Typical of such boundary conditions, are so-called “protectionist” measures, such as those former regulations of the economy which have been removed under the influence of the Mont Pelerin Society or kindred fanatics, especially since the January 1969 inauguration of the ill-fated dupe of the Mont Pelerin Society, President Richard Nixon. These protective boundaries were then assaulted, even more savagely, under the 1977-1981 reign of that free-trade and fiscal-austerity fanatic President Jimmy Carter who, with suitable historical irony, launched the chronic indebtedness of the U.S. Government which has plagued the nation since (Figure 2). Similarly, the decline in the percentile of national-income of the lower eighty percentile of family-income brackets, since the 1977 inauguration of President Jimmy Carter, shows a decline in the U.S. popular conditions of life, which corresponds to both the cannibalistic looting of previous improvements in productive potential, and a corresponding general lowering of the per-capita physical productivity of the labor-force as a whole.

Protectionist measures do tend to increase prices, if only in the short to medium term, as the rabid monetarists never cease in whimpering about this effect. (In the medium to long term, the higher rates of increase of productivity made possible by higher rates of hard-commodity capital formation, result in a secular decline in prices of particular products, while generally improving the quality of those products.) Thus, that increase of prices may be viewed as a rise above a so-called “free trade” level, to a “fair trade” level.

These protectionist, regulatory measures have two indispensable benefits for any economy whose government is sane enough to impose them. First, they provide direct or indirect protection to the income-levels, and therefore to the potential productivity expressed by households of operatives; this, combined with rational taxation policies, ensures that the incurred price, by government and the private sector, of maintaining the desired level of potential relative population-density, is secured. Second, in so acting, governments create the market for those medium- to long-term public and private capital investments, on which improvement in the potential relative population-density depends.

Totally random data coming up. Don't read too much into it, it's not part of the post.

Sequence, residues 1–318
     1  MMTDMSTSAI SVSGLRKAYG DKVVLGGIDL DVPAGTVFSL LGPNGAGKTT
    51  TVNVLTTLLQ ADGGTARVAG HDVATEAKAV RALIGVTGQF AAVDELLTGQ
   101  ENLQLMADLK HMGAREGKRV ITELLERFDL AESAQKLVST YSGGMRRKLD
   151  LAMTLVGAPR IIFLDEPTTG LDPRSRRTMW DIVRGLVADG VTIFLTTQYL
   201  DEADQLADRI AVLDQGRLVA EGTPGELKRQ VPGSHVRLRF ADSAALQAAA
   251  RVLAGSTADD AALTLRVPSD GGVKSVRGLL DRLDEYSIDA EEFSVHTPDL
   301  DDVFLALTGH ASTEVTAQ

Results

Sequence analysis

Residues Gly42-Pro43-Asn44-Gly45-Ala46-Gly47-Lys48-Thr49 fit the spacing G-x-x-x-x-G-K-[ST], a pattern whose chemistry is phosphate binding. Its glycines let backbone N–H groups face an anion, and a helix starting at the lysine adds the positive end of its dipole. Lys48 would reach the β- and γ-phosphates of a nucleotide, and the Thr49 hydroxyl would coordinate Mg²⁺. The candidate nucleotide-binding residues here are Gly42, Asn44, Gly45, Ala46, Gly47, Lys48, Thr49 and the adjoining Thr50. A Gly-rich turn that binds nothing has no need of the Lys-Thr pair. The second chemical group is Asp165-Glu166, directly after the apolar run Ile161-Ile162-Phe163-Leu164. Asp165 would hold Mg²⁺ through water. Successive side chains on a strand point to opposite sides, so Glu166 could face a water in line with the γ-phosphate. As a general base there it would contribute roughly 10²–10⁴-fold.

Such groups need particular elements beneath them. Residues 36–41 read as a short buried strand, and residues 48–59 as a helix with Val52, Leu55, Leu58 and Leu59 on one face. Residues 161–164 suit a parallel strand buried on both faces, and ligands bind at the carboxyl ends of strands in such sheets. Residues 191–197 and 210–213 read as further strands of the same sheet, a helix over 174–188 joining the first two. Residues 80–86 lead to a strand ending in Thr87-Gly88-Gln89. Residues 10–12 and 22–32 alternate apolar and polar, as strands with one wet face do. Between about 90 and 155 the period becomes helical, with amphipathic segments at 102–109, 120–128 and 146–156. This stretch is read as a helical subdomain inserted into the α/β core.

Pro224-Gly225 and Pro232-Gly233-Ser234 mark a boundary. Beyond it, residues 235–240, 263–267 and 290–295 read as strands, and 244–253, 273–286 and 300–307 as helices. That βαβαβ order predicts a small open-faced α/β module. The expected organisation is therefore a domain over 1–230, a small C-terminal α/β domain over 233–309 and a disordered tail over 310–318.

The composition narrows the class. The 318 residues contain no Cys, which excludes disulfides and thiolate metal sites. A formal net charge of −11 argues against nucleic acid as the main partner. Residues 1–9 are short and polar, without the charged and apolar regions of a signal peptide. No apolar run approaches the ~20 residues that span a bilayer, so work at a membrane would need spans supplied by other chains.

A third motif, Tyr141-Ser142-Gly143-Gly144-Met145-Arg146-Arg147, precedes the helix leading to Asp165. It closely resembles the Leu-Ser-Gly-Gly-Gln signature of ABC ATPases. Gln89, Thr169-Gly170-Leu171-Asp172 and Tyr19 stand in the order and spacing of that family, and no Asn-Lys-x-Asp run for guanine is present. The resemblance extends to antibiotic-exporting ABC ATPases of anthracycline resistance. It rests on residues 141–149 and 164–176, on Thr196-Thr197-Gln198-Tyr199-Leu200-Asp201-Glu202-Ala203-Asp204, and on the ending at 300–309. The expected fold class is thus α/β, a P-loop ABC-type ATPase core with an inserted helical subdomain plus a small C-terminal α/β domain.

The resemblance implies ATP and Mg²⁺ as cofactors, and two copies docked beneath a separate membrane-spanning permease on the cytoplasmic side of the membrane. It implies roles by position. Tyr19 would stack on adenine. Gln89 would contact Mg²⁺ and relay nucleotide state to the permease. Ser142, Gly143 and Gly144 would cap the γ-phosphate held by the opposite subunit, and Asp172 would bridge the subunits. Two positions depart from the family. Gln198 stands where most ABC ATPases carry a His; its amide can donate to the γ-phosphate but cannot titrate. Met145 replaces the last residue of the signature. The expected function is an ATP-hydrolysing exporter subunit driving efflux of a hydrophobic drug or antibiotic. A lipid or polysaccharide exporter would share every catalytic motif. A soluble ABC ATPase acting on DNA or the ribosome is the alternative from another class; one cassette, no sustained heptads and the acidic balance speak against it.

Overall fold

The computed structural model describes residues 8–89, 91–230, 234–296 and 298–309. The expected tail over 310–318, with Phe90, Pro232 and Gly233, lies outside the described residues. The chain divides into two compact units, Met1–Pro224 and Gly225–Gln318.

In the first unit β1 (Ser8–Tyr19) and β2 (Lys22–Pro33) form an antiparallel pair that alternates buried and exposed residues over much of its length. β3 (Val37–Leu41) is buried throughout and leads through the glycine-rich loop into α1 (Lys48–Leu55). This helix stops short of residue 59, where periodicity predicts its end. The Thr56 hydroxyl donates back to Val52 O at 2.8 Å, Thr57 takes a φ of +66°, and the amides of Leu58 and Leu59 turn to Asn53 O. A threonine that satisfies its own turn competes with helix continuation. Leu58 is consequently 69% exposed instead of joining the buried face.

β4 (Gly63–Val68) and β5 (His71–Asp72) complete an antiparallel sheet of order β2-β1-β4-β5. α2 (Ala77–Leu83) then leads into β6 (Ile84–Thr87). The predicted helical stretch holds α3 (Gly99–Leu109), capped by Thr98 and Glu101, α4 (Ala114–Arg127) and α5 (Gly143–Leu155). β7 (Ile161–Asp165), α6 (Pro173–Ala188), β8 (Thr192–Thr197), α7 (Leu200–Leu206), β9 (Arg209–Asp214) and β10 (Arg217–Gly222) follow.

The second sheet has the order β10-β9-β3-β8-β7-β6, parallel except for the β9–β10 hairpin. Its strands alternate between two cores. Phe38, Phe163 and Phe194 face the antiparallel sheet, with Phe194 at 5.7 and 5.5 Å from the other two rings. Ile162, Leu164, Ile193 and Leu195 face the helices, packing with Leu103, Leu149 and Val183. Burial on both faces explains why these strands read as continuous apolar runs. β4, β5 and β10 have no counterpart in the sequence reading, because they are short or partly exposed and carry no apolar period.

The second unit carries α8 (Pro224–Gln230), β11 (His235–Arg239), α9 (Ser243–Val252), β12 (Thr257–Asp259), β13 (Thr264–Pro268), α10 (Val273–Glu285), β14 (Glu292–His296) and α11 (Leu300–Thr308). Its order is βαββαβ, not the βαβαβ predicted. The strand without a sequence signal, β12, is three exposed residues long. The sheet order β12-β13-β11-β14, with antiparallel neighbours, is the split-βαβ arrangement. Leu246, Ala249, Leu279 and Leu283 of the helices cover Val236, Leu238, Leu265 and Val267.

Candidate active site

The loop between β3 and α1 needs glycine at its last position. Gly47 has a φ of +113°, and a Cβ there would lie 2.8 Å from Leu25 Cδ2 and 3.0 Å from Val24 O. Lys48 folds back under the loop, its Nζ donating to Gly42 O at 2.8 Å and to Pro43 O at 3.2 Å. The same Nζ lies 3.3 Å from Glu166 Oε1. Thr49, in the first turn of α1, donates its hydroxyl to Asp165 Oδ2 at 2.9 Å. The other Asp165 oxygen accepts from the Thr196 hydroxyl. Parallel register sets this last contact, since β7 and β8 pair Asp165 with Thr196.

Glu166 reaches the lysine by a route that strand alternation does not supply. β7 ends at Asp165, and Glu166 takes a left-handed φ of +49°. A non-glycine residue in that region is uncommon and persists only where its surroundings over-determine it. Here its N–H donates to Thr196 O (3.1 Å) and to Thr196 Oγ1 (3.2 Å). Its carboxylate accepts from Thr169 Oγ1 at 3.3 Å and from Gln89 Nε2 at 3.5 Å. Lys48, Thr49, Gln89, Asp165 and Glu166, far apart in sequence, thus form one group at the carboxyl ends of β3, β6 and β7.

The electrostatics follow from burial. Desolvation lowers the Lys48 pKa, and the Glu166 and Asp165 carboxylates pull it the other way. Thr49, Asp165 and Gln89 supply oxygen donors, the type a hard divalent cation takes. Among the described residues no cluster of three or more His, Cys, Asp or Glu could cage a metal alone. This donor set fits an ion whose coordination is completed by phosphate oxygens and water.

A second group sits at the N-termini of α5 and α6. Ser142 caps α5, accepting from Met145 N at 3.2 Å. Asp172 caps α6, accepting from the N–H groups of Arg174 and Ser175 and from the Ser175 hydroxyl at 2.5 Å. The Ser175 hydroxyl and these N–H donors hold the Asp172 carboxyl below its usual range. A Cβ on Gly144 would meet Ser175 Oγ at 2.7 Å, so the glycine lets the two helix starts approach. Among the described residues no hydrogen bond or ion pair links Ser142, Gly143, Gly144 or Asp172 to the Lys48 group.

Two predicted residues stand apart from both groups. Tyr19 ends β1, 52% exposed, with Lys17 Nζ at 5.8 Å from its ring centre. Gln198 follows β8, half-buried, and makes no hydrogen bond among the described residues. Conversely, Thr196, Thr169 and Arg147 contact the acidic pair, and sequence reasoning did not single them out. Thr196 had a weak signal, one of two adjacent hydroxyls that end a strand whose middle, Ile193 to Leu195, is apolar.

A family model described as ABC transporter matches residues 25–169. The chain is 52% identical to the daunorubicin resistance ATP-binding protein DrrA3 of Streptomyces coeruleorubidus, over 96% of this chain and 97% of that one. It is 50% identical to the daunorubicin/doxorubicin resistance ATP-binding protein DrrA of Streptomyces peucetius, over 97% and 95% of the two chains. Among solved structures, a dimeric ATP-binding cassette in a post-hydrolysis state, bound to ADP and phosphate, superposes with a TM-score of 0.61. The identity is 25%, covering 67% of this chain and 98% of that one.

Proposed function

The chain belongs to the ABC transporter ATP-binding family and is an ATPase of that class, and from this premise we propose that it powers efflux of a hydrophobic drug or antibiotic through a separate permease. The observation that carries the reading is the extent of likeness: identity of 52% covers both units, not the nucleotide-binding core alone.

Promotion of the general welfare, which is an integral part of the fundamental constitutional law of the U.S.A.—if recently a flagrantly violated obligation—demands that those measures which are needed to ensure the improvement of the potential relative population-density of the nation, per capita, and per square kilometer, are taken. This includes public works which no private entrepreneur could undertake as a business proposition; clear, on this account, is the responsibility of the sovereign government for the conditions of life and work of all of the people and of all of the territory of the nation.